While Hong Kong and Singapore have lost around 15% this year, Malaysia has proved relatively defensive; the Kuala Lumpur index is down by around 2%. Lower exports to the US are set to knock 0.7% off growth in 2008, as Finanz und Wirtschaft notes.
But the market has been buoyed by the boom in palm oil, revenues from which almost doubled to 15% of GDP last year. This hot sector comprises 20% of the stockmarket. Banks, which comprise another 20% of the index and are shielded from the credit crunch as their foreign business is minimal, and utilities have also propped up the overall market.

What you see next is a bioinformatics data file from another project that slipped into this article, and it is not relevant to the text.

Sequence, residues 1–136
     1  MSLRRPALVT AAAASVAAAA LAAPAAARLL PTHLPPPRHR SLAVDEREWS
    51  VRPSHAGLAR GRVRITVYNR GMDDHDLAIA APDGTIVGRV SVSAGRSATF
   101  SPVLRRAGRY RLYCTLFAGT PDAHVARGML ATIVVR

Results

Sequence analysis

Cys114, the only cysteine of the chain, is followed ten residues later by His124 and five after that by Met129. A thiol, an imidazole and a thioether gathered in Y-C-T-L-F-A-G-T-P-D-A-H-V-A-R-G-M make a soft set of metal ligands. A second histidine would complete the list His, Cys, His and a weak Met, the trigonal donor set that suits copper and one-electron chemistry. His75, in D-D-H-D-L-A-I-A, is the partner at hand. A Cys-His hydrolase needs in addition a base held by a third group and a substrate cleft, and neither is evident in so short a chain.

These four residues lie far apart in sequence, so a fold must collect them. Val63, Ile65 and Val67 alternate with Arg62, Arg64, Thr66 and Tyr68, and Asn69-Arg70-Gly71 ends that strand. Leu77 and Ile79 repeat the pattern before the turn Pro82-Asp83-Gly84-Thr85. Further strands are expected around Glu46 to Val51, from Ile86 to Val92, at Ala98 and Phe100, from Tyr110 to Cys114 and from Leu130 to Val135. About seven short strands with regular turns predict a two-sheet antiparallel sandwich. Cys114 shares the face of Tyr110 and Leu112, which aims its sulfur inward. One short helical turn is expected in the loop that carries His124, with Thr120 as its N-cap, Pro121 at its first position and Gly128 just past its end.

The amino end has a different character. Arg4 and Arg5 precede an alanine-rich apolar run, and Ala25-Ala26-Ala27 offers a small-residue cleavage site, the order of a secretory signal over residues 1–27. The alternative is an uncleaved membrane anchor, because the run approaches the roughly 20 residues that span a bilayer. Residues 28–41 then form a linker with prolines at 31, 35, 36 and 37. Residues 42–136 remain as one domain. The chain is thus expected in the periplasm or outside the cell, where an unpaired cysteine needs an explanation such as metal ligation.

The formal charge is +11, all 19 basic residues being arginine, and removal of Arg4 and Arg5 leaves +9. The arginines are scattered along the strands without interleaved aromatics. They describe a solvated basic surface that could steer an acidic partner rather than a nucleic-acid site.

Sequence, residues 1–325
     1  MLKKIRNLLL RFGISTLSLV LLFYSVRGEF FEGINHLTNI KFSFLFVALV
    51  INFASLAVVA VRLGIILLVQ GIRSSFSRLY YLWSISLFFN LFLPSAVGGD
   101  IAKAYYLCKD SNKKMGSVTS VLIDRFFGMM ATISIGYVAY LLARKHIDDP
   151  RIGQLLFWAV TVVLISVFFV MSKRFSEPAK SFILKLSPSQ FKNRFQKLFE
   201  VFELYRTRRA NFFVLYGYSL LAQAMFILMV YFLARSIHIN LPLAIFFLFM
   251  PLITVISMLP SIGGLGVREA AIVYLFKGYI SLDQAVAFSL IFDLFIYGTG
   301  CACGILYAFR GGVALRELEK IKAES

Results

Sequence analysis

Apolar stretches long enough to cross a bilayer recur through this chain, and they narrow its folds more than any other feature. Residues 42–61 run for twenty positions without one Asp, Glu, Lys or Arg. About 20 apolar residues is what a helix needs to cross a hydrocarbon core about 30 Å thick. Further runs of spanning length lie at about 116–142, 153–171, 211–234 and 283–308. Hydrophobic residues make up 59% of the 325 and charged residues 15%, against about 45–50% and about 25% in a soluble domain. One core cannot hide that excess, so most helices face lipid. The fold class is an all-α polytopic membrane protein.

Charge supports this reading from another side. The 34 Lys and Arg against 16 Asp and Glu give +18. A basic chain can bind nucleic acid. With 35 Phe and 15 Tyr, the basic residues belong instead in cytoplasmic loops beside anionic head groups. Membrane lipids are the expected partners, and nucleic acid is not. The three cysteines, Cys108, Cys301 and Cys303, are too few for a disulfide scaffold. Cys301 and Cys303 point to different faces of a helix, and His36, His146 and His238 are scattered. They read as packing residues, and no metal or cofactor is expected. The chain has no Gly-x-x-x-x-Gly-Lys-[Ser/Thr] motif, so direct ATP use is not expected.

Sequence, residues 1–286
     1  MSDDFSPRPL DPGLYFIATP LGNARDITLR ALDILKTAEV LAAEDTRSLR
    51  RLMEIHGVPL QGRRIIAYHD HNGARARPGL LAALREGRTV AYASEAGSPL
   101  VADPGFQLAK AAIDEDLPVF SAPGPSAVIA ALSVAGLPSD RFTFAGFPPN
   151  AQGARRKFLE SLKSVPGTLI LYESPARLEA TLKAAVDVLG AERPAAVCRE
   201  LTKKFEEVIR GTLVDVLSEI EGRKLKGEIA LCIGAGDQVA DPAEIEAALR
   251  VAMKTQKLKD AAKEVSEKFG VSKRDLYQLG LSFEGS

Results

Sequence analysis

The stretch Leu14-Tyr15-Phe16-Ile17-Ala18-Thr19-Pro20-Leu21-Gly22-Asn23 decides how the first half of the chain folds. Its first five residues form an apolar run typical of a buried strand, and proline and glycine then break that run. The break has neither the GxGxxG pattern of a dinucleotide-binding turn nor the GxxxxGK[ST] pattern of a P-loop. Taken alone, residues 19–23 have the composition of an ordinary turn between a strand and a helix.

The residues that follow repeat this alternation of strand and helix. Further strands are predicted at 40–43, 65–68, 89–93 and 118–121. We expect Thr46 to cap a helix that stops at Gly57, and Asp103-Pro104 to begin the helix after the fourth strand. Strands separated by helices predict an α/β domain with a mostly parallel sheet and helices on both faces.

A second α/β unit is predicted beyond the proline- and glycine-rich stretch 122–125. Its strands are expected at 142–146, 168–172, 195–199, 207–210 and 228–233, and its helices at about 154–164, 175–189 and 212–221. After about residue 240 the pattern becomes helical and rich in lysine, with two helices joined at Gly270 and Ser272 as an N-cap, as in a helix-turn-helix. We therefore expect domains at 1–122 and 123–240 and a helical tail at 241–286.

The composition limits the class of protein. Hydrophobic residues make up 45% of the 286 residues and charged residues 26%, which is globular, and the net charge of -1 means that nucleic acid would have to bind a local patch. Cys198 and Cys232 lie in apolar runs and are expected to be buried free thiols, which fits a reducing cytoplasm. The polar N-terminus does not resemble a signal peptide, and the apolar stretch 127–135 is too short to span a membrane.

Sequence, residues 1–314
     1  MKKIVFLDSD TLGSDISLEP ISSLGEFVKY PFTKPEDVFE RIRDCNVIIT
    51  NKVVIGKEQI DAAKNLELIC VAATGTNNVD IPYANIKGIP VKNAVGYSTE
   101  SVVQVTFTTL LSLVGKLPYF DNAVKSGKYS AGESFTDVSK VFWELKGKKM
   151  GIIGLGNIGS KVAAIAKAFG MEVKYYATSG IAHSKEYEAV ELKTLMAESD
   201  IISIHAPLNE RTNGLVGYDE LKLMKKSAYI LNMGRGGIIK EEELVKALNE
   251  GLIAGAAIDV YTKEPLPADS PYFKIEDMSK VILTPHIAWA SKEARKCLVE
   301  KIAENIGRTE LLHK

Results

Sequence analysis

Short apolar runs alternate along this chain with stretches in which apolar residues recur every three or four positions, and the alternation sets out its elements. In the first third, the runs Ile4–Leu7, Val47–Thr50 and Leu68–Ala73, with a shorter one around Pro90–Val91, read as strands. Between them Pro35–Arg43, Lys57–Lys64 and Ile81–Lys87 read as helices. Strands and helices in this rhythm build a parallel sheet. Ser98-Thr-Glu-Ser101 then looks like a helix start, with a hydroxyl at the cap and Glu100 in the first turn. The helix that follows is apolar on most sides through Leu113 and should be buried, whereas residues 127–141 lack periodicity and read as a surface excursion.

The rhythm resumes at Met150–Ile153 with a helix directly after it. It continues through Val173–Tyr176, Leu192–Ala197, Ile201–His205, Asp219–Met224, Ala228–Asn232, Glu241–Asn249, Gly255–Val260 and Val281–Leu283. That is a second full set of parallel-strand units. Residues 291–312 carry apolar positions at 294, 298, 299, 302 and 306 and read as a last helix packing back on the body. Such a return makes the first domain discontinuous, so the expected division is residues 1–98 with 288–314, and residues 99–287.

Meanwhile, infrastructure spending continues to rise and consumption growth appears to be breaking out of its post-Asian trading range, says Christopher Wood of CLSA. The market also looks reasonably valued on a p/e of 15. The longer-term macro story is "unexciting", however; the "affirmative action" programme in favour of the Malay majority has caused a brain drain and hampered foreign investment.
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It looks as though Malaysia will "retain its recently established trend" of outperforming Asia during downswings but lagging during upswings.
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